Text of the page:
Whichever part of the peninsula you’re on, find your nearest hub – a place to go in case of catastrophe – on this map. And set your calendar for one more Fauntleroy event, a June 7th dine-out fundraiser at Endolyne Joe’s to support the Fauntleroy Fall Festival (which is looking for more volunteers, too, as reported here). You are also welcome at the FCA’s board meetings, held second Tuesdays at 7 pm – watch fauntleroy.net for updates.
P.S. Also coming up – a May 24th FCA-organized meeting about the Fauntleroy ferry dock-replacement project; details to come.
Fauntleroy Watershed Council volunteer Dennis Hinton talked with the students about this phase of the salmon’s lives, and then they took turns releasing the fry into the creek:
Over a span of a little more than three weeks, a dozen schools and a Brownie troop are releasing fry into the creek. They’ve been tending to the salmon since volunteers Judy Pickens and Phil Sweetland led distribution of eggs back in December. The fry are released into upper Fauntleroy Creek, as the lower-creek habitat is reserved for the results of last fall’s big spawning season (244 spawners).
Speaking of Fauntleroy …we have the total tonnage from the recent Recycle Roundup at Fauntleroy Church, courtesy of Judy Pickens:
West Seattle is 15.35 tons lighter today than before the spring Recycle Roundup on April 24 at Fauntleroy Church. Over the course of the day, the crew from 1 Green Planet unloaded all manner of recyclables from 470 vehicles.
The congregation has been hosting these events since 2010 as part of its commitment to stewarding the environment. Since then, the roundup has returned more than 300 tons of metal, e-waste, and other products to the resource stream. Watch for the fall roundup in late September.
This time’s total was not far from the record 16.54 tons brought via 540 vehicles three years ago.
If you have non-curbside recyclables that can’t wait until fall, you can use the Where Does It Go? lookup tool to find out how to deal with them. (And if you have paper to shred – bring it to the annual event sponsored by John L. Scott Real Estate Westwood [WSB sponsor] next Saturday!)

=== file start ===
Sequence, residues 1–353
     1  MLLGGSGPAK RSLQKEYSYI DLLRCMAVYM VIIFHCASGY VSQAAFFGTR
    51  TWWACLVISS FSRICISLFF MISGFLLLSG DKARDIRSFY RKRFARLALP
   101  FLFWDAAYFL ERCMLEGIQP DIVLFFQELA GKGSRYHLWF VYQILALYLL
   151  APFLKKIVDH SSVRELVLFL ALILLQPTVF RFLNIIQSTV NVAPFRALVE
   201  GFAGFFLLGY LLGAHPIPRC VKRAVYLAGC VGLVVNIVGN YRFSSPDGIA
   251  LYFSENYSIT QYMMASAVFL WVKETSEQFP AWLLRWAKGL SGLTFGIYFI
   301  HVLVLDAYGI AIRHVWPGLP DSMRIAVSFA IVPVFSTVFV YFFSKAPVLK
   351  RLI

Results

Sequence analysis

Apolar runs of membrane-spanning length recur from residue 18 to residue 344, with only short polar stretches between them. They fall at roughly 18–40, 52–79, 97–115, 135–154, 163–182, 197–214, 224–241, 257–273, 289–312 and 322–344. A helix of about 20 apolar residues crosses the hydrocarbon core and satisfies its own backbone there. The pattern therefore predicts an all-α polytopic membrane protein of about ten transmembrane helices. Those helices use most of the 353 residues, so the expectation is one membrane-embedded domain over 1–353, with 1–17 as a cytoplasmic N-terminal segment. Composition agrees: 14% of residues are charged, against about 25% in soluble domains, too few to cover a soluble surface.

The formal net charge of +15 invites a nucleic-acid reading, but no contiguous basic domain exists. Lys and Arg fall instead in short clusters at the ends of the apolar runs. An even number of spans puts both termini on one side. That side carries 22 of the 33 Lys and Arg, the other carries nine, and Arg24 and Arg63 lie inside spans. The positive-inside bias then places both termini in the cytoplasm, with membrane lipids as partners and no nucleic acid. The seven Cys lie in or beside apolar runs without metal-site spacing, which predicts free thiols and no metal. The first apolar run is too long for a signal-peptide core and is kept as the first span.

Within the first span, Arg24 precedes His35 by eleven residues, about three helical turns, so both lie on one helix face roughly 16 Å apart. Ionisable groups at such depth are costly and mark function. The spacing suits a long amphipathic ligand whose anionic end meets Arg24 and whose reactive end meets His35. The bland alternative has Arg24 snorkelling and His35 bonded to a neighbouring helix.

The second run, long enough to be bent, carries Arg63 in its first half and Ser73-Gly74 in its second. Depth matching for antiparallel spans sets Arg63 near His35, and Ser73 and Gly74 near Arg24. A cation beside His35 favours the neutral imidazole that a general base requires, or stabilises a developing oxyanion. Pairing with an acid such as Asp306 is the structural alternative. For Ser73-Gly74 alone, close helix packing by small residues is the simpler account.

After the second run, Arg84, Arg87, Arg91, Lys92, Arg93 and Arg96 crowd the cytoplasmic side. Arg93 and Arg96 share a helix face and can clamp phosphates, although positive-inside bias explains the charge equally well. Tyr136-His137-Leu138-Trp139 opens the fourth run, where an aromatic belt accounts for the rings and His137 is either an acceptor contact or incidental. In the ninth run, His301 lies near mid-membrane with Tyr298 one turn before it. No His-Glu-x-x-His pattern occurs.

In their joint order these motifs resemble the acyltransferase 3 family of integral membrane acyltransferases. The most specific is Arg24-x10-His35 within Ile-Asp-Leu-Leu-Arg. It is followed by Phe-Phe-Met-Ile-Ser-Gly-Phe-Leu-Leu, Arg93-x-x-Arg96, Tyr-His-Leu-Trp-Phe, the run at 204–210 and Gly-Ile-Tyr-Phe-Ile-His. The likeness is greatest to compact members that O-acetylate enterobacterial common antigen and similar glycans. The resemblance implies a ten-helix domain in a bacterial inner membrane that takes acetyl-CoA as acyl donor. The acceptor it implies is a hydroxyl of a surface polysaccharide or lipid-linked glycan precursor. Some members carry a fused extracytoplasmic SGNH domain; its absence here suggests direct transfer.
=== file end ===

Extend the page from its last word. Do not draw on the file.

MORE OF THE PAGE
Live, work, study in Fauntleroy? Here’s your invitation to a big event tomorrow night:
The Fauntleroy Community Association‘s Annual Meeting and Food Fest is back! Tuesday evening, May 3, from 6 to 8 PM in the Fauntleroy Schoolhouse “Emerald Room,” the FCA will once again host its annual meeting. Visit with friends, neighbors, and talk with City and local non-profit organizations involved with our community. Two hours of conversations and food from local eateries. A wonderful opportunity to get out and connect. A short business meeting will take place about 7 PM.
That includes the annual election of board members. The venue is on the south side of the historic schoolhouse, 9131 California SW.
Electronics are just part of what they’re taking this time around at Fauntleroy Church‘s Recycle Roundup, continuing until 3 this afternoon. We stopped by in the first hour, and the crews from 1 Green Planet were already busy. Here’s one more reminder of the will/won’t-take list:
It’s a free dropoff service in partnership with 1 Green Planet, but if you can make a monetary donation, the church’s Green Committee will accept it to help cover expenses. Again, this continues at 9140 California SW [map] until 3 pm – lots of time, so unless you truly can’t get there until the last minute, they ask that you go sooner rather than later.
One last reminder – tomorrow’s the day to bring recyclables to Fauntleroy Church (9140 California SW) for its next Recycle Roundup, a free dropoff event. 1 Green Planet is scheduled to be there 9 am-3 pm Sunday, so no need to get there early, but organizers ask that you not wait until the last minute, either. Here’s the list of what they’re accepting (and NOT accepting) this time.